Juneteenth National Independence Day is also known as Jubilee Day, Black Independence Day, and/or Emancipation Day. It marks the emancipation of enslaved African Americans in the 1800s. In 2021 President Biden signed it into law as an official national holiday.
In 1962 President Lincoln signed the Emancipation Proclamation, freeing slaves in Texas, along with other states that rebelled against the Union two years earlier. It wasn’t until Dec 1865 that the Thirteenth Amendment was created to abolish slavery nationwide.
What a difference a year makes! This time in 2020 we were all suffering from a pandemic holiday season.
Celebrations of the date began in 1866 but didn’t become widely commercialized until the 1920s, focusing on food fairs, most often. Texas in 1938, by proclamation, and then legislation in 1979, 49 states and D.C. formally recognized it. The Civil Rights movement in the 1960’s eclipsed its attention but came back into view during the 1970s. During that time it was mostly local celebrations focused on freedom and African-American arts.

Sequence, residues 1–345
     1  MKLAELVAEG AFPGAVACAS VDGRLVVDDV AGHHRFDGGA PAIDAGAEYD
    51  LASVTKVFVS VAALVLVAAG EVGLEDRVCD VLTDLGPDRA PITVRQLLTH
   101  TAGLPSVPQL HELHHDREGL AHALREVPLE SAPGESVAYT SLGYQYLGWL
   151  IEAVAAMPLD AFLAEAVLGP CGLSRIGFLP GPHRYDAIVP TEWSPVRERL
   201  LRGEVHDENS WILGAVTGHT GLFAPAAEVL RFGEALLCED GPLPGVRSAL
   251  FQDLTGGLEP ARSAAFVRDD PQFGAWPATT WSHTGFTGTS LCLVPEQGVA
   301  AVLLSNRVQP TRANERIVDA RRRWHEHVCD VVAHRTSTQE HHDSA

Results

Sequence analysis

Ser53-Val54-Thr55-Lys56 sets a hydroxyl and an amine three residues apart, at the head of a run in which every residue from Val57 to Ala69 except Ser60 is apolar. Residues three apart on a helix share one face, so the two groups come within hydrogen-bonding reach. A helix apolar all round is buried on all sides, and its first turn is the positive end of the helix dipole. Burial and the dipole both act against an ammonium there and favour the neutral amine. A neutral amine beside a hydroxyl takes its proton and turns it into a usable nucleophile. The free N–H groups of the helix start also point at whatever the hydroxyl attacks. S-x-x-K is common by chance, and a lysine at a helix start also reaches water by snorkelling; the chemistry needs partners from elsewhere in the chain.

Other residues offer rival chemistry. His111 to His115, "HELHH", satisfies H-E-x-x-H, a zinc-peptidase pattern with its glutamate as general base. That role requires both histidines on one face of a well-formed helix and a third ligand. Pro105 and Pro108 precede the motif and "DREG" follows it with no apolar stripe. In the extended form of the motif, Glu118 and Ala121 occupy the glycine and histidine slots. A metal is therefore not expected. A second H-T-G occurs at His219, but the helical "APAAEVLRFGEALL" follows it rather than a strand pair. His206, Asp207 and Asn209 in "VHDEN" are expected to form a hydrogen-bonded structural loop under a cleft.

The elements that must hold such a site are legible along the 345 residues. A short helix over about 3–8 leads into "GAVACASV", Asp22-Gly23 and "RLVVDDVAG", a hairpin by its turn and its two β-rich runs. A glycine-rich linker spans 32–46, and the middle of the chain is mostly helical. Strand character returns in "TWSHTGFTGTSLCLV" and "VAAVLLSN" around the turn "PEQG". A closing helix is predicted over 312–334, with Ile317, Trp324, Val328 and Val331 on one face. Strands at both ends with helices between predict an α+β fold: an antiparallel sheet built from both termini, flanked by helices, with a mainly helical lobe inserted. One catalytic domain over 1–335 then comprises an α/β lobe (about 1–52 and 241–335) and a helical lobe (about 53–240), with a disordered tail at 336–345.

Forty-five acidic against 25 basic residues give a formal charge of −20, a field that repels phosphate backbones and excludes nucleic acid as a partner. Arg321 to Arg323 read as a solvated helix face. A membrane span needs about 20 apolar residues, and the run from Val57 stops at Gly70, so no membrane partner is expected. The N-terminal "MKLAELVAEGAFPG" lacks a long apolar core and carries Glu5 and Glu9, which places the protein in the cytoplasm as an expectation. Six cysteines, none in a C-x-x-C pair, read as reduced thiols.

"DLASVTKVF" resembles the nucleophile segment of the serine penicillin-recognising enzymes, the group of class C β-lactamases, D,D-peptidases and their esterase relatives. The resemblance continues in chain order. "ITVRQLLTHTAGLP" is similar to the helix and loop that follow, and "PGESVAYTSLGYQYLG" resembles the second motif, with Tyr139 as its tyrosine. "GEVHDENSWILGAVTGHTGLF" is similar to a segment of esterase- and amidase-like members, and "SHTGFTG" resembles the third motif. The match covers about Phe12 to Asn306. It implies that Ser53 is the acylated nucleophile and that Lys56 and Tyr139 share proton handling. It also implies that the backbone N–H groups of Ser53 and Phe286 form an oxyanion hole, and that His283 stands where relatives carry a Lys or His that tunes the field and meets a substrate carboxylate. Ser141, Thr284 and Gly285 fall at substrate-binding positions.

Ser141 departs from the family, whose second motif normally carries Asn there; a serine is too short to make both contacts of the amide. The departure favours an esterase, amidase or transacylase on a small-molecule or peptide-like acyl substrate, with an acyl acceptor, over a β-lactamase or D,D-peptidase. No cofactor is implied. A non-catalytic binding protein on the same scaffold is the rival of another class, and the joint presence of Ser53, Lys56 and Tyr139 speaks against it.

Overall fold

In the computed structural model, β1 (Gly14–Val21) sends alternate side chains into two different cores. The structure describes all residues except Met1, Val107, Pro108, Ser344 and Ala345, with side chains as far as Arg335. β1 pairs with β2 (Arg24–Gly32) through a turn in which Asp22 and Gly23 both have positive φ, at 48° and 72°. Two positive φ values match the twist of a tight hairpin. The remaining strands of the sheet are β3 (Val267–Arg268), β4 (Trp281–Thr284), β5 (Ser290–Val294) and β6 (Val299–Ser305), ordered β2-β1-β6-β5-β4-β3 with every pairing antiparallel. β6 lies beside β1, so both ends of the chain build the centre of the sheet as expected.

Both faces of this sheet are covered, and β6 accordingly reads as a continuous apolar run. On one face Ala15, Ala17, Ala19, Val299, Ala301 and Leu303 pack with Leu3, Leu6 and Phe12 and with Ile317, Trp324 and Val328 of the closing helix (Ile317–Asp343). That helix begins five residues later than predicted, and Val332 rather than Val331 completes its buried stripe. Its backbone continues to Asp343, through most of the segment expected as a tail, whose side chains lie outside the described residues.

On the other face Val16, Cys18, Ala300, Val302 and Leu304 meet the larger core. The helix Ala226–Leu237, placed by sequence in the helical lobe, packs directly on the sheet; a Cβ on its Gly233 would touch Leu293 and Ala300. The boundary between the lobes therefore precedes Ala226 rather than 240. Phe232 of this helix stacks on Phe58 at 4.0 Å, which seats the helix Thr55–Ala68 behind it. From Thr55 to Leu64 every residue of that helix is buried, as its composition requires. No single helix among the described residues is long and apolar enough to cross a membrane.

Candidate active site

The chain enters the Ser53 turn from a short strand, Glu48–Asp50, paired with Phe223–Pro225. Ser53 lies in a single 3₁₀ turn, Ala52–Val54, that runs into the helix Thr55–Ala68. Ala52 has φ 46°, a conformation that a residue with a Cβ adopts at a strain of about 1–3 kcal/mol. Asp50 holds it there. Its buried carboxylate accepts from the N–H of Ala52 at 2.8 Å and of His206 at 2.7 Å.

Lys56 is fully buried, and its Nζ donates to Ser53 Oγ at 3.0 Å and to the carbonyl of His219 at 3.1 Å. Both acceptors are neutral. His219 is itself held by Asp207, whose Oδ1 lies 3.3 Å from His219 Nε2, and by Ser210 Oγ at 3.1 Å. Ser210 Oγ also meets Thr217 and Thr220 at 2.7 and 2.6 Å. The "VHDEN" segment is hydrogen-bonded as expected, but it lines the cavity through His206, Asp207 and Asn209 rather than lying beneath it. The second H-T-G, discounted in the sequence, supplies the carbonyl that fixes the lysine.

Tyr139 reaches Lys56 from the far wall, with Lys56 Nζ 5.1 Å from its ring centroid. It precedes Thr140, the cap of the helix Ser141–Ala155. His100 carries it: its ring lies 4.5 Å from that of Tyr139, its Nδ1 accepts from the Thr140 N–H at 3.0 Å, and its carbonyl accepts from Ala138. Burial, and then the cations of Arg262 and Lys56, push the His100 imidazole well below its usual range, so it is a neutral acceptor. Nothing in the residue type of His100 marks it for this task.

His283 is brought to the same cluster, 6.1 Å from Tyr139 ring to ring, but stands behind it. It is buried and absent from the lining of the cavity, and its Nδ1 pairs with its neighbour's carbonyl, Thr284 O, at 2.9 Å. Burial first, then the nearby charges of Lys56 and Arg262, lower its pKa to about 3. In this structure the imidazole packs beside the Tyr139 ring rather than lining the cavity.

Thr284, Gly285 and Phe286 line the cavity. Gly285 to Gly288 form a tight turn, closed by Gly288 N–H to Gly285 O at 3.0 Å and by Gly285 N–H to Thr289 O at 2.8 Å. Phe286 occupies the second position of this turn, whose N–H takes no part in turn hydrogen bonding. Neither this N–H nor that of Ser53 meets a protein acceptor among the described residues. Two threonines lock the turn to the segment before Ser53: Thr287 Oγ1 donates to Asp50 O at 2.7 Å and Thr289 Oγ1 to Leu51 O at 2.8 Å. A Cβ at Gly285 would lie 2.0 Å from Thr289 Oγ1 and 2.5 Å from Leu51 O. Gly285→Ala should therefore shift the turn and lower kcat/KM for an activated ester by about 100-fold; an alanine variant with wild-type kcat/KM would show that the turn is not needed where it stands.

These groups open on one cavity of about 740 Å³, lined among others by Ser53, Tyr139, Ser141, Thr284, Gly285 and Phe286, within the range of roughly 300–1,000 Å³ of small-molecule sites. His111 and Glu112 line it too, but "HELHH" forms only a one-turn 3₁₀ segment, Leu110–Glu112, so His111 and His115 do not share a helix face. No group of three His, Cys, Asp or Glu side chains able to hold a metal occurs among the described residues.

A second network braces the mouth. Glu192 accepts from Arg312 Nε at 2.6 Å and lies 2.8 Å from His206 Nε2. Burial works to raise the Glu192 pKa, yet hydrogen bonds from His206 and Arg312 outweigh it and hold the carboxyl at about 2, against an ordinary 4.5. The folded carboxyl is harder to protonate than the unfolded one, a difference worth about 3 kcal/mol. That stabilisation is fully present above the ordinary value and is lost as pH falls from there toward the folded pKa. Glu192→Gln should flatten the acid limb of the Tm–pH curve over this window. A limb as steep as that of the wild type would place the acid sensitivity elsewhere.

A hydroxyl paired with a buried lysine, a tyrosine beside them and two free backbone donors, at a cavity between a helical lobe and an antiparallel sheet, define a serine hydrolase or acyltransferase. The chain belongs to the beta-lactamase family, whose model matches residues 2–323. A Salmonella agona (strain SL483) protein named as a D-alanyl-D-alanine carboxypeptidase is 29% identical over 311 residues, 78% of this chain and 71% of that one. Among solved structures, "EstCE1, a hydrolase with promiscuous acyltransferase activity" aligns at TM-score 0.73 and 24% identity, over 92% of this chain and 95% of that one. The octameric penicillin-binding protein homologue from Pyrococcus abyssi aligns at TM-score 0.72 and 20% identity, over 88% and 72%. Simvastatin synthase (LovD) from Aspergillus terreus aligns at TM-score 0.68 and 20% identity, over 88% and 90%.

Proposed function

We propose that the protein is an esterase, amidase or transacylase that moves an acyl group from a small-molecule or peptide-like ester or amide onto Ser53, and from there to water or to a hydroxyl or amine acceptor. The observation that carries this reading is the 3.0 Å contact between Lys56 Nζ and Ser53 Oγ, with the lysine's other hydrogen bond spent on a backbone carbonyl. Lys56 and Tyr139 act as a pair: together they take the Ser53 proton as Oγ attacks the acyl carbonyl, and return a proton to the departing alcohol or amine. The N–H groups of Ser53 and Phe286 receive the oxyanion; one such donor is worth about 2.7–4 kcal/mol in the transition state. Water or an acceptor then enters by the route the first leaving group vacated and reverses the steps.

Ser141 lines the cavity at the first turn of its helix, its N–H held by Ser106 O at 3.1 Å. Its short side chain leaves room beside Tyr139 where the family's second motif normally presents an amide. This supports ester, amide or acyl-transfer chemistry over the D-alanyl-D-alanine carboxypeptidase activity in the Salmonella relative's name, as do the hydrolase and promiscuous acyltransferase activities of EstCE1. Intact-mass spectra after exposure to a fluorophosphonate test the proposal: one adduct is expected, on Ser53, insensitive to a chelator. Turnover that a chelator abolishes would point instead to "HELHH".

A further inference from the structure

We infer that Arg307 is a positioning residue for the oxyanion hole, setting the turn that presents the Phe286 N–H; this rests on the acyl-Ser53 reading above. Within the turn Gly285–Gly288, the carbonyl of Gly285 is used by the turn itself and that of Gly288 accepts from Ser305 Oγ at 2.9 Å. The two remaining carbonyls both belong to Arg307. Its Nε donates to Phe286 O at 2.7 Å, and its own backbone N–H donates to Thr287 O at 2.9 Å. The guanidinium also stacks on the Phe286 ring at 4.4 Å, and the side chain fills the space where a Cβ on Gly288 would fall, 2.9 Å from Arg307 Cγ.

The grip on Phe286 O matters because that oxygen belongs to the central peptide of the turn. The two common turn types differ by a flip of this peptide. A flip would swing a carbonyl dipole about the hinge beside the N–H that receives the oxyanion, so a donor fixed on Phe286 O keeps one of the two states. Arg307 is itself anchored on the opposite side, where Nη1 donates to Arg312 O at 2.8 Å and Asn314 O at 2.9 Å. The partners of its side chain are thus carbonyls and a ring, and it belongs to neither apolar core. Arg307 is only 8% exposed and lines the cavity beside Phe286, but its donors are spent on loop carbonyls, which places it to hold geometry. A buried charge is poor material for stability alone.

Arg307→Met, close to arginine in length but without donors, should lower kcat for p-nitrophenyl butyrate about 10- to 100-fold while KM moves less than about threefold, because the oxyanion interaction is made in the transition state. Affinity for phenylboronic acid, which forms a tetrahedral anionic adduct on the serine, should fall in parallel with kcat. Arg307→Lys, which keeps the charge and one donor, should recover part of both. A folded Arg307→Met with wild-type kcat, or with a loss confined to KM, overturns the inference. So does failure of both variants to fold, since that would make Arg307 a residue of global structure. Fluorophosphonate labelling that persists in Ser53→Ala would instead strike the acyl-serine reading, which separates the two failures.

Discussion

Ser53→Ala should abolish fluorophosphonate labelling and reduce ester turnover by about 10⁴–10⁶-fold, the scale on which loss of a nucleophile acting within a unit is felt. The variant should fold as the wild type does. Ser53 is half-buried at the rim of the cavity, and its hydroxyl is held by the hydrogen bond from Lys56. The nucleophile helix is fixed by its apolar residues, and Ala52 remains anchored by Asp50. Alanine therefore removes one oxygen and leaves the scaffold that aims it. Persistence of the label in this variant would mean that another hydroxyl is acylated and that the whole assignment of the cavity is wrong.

According to Wikipedia:
Traditions include public readings of the Emancipation Proclamation, singing traditional songs such as “Swing Low, Sweet Chariot” and “Lift Every Voice and Sing”, and reading of works by noted African-American writers, such as Ralph Ellison and Maya Angelou. Celebrations include rodeos, street fairs, cookouts, family reunions, park parties, historical reenactments, and Miss Juneteenth contests. Juneteenth is also celebrated by the Mascogos, descendants of Black Seminoles who escaped from slavery in 1852 and settled in Coahuila, Mexico. Juneteenth is the first new federal holiday since Martin Luther King Jr. Day was declared a holiday in 1983.
Juneteenth Becomes National Holiday
In this episode political psychologist, Dr. Bart Rosi, Ph.D. discusses the historic day with local Florida CBS affiliate Wink news.